If land or by Seattle

Everett contemplates a volcano

I contemplate a volcano

It was in the parking log at Costco where a woman, looking wholly bereft of home and afflicted of something came right up to me as if I were an old friend and asked if I could help her out by giving her money. I had been completely focused on how to get twenty pounds of flour into a space the size of one small Pomeranian, which assuredly is no easy task. So I nearly jumped from hearing her inquiry, and it took me longer than it should have to explain that I didn’t actually have any cash on me, sorry. She shuffled off, not unlike a zombie, and I realized she could have been a posterchild for the anti-meth campaigns of the Pacific Northwest. My heart went out to her, and even so, I was a bit unnerved.

It occurred to me after this incident that different places have different expectations for interacting with strangers. In DC it’s either tourists who are chronically clueless about their surroundings, laden with a map of the city or not, or it’s someone panhandling. The lobbyists, lawyers, government workers, hotel staff, cab drivers, administrative assistants, Metro drivers, and other commuters all keep to themselves, wanting no part of any conversation with anyone else. I rode the Metro for years, and very infrequently did I ever hear two people conversing who hadn’t boarded together. MP3 players were the best thing to happen to the silent travelers of DC—suddenly everyone had an easy means for ignoring the world around them.

So people looking for money from the hands of strangers kept, for the most part, personal distance, and requests were limited to the actual sidewalk or on public transportation. I think that’s why I was startled here in Seattle. I actually had to spend the better part of a second realizing that this wasn’t an old friend or acquaintance of mine, because she walked right up to me, and I in turn was right up against my open vehicle. It was her lack of recognition for whatever vulnerability I had at that moment that started my first sense of anxiety.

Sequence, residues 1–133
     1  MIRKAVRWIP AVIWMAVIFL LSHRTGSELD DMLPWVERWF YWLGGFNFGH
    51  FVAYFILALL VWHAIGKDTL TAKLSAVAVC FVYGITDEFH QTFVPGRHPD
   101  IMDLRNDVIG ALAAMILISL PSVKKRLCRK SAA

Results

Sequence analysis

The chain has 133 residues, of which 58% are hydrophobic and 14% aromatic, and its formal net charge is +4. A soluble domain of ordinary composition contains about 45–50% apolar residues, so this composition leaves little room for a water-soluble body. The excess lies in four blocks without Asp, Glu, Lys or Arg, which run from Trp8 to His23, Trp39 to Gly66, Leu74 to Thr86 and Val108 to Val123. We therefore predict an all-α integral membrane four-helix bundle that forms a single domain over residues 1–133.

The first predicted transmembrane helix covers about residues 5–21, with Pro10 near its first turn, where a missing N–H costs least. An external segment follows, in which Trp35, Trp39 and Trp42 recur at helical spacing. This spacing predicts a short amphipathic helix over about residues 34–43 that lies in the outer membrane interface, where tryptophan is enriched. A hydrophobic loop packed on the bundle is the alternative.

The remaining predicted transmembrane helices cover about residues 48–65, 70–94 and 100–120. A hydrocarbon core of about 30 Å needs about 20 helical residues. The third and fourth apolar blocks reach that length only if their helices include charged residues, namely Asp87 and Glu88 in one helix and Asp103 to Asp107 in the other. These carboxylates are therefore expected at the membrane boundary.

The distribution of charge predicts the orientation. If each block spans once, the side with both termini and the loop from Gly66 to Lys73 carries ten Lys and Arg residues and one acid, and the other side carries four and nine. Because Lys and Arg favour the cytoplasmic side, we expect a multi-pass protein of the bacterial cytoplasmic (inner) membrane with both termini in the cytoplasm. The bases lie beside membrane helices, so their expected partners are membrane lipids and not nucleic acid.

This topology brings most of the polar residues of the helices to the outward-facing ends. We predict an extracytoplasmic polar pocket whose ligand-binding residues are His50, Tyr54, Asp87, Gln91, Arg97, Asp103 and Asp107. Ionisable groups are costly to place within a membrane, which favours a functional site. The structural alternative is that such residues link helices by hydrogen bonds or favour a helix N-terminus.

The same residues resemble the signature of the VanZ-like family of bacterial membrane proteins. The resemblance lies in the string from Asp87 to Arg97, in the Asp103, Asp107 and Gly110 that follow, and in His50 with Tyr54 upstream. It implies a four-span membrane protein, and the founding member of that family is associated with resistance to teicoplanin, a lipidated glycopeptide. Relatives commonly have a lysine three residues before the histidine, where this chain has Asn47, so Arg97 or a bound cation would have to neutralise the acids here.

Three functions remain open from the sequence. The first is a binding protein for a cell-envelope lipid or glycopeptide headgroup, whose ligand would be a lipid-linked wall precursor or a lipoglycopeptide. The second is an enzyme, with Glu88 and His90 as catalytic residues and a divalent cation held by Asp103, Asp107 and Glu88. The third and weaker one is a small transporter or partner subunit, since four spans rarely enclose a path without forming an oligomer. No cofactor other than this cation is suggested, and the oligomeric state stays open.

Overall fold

But for my part, I was just as destabilizing to her, because as soon as I recognized that all she wanted was money, which I was actually out of, having just left Costco, I went immediately into my DC-generated response when I don’t have cash to donate, which is, “I don’t have any money on me, sorry.” In DC this ends the exchange, 7 times out of 10 the requester will then ask God to bless me or tell me to have a nice day, and then I’ll wonder how much of their request was tinged with a need for human interaction and a measure of dignity that someone will talk to them. This woman, on the other hand, seemed shocked that I’d make eye contact with her, much less have a quick answer.

It occurs to me that people are less straightforward in Seattle than in DC, so people looking for handouts need to be more in their face. But the other big adjustment seems to be about sobriety: I can’t remember even a single instance of a non-sober person asking me for money in DC. Not a one. But everyone in Seattle who has asked for money has seemed to have an affect for one reason or another. And there seem to be many more homeless folks here than back out east, and I have no idea why that is. I’m sure there are experts out there who analyze such things, who advocate for this solution or that, but I don’t know who they are or what their positions amount to. But I’ve never thought about how different cultural expectations for civility play into how people on the margins express themselves. And clearly, there’s some kind of effect or panhandling would look the same no matter the geography.